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TAGS: Allegories and metaphors; Bahaullah, Writings of; Dancing; Day of Judgment (or Day of Resurrection); Flowers; Fountains; Fragrance; Haft Vadi (Seven Valleys); Houris (Huris); Love (general); Lover and the Beloved; Mount Sinai; Mysticism; Nightingales; Persian language; Poetry; Roses; Sufism; Symbolism; Water (general); Words and phrases
LOCATIONS: Baghdad; Iraq; Sulaymaniyyih
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Translation of the early mystical Tablet "Nightingales Are Inebriated" and an analysis of its themes of ecstasy, Mount Sinai, eschatology, dhikr, sama, and fana`.
Presented at the Irfan Colloquia Session #111, Acuto, Italy (2012). Mirrored with permission from

The Inebriation of His Enrapturing Call (mast-and bulbulán)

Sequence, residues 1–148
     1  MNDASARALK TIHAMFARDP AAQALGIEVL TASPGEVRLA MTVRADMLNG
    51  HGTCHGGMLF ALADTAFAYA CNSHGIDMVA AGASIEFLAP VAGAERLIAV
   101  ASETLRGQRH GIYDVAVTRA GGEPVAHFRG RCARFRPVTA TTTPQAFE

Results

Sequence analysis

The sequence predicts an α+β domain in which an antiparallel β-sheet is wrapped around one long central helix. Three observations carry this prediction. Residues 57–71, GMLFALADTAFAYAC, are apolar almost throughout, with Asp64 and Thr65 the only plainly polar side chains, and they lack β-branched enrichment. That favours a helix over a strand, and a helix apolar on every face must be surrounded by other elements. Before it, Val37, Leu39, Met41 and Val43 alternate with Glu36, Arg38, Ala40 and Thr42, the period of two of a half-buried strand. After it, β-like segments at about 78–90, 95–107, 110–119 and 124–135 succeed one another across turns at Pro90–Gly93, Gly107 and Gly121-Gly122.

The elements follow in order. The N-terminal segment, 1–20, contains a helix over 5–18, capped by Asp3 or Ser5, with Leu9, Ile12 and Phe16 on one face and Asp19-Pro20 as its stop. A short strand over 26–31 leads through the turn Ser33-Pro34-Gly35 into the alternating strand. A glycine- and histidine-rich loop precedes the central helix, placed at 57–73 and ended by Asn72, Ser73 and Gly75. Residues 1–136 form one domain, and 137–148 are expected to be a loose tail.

by Julio Savi

published in Lights of Irfan, 15, pages 311-354
Wilmette: Haj Mehdi Armand Colloquium, 2014
Abstract: During the two years when Bahá'u'lláh lived in isolation in Kurdistan, He composed a number of poems, in which He gave vent to the mighty emotions aroused in His great heart by the mystical experiences He had while confined in the Síyáh-Chál. One of those poems, Mastand Bulbulán zin Naghmiy-i yá Húy-i-ú, "Nightingales are inebriated by the melody of His enrapturing Call," is the subject of this paper, which is an attempt to explain the metaphors and images that embellish this jewel, in the light of both later Writings by Bahá'u'lláh and the Persian literary tradition, in whose style the poem has been written.
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